Published Online: June 10, 2014
Asthma is associated with eosinophilic airway inflammation, which can be measured using induced sputum. Induced sputum is an important treatment stratification tool in severe asthma and has been utilized to stratify response to a variety of therapies—including inhaled/oral corticosteroids and biological targeted therapies directed at cytokines driving airway eosinophilia e.g. IL-5—that are emerging as new treatments in the clinic. Sputum eosinophilia has been shown to be associated with severe asthma attacks and airflow obstruction cross-sectionally, but few studies have evaluated airway eosinophilia over time and its impact upon asthma risk.
In a manuscript recently published in The Journal of Allergy and Clinical Immunology (JACI), Newby, Brook, Brightling, Siddiqui and colleagues used statistical modeling techniques to evaluate whether airway eosinophilia measured in sputum was associated with lung function and its decline among a cohort of severe asthmatics. Perhaps more importantly they also examined whether there were different ‘phenotypes’ or subgroups of patients with lung function decline based upon both the amplitude and variation of eosinophilic airway inflammation over time. The authors used the forced expiratory volume in 1 second (FEV1), a common lung function test, to study decline of lung health.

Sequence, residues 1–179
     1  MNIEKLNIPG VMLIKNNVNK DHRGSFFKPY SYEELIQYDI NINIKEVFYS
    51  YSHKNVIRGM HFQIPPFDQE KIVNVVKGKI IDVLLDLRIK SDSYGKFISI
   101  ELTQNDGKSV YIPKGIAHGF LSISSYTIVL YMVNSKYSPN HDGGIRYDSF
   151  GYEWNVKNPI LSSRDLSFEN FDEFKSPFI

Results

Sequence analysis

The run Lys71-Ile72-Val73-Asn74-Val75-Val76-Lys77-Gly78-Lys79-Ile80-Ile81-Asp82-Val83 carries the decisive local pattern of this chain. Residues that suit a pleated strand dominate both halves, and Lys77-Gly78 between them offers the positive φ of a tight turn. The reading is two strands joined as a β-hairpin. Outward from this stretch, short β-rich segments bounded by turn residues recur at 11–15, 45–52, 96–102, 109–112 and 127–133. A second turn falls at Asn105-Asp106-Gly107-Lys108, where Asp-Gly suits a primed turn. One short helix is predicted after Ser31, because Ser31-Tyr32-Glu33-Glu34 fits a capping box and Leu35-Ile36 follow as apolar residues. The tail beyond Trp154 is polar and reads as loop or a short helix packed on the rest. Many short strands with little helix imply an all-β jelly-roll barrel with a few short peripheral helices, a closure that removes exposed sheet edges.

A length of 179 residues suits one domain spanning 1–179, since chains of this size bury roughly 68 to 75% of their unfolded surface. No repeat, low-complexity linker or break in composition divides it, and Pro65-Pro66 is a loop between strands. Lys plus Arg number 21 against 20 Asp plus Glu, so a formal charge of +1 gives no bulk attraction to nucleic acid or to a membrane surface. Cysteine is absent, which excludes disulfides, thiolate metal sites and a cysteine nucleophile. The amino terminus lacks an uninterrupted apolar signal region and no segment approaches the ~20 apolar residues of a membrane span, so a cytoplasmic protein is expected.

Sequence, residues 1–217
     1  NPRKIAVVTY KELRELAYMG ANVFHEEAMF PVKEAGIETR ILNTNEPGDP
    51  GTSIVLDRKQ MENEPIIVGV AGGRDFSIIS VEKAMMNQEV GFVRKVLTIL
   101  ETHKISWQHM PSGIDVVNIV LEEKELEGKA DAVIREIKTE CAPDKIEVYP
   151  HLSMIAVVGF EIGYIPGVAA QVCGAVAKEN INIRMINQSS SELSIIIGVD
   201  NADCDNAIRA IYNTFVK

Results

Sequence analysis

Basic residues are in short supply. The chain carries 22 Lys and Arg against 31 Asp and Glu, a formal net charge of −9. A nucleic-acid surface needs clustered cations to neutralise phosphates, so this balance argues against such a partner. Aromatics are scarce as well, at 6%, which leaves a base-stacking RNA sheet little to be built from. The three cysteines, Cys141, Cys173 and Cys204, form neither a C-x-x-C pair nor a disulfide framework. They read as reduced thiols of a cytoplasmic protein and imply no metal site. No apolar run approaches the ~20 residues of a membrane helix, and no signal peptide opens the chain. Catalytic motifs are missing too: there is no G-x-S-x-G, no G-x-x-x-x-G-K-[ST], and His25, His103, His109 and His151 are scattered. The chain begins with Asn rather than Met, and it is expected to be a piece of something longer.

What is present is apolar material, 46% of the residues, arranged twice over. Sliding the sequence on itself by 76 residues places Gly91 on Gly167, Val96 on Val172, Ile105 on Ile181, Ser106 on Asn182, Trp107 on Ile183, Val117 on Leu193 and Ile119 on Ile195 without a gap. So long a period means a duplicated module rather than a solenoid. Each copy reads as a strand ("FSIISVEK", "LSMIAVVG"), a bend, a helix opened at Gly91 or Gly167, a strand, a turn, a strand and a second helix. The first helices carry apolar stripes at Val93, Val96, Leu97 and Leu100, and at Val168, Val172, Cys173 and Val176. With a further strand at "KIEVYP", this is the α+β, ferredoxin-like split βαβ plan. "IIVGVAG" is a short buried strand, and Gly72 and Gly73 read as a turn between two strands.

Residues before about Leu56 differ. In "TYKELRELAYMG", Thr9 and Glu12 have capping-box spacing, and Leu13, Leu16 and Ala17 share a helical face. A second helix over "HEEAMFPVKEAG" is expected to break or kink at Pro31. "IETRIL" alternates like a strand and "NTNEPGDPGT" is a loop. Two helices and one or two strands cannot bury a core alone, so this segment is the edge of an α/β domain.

The authors found that FEV1 trajectories in severe asthma were highly variable and patient specific. The overall population decline was relatively small (25.7 mls/year) after adjusting for common confounders such as asthma attacks. The authors found that both the mean (amplitude) and standard deviation (variability) of eosinophilic airway inflammation over time were significantly associated with FEV1 and subsequently utilized statistical modeling to identify whether there were subgroups of patients with different patterns of declines. Three different longitudinal eosinophilic patient subgroups were identified: (1) non-eosinophilic with low variation (mean decline of 14.0 mls/annum), (2) eosinophilic with high variation (mean decline of 40.9 mls/annum) and (3) eosinophilic with low variation (mean decline (19.2 mls/annum).
The observations in this report suggest that the variability in eosinophilic airway inflammation over time, rather than amplitude, may be an important factor in determining asthma risk. However current practice in pharmacotherapy trials targeting eosinophilic airway inflammation is to modulate the amplitude of eosinophilic airway inflammation only. It is possible that amplitude and variability have discrete and independent biological mechanisms and further studies are required to evaluate this concept in asthma and may yield new asthma biomarkers for clinical trials targeting eosinophils.
This research was funded by the European Union, Airways Disease Predicting Outcomes Using Patient Specific Models ‘AirPROM’ project. Future research within this program will develop mathematical models of background eosinophilia, and effects of therapeutic intervention, to investigate amplitude and variability over time, and apply them to clinical trial datasets.
The Journal of Allergy and Clinical Immunology (JACI) is the official scientific journal of the AAAAI, and is the most-cited journal in the field of allergy and clinical immunology.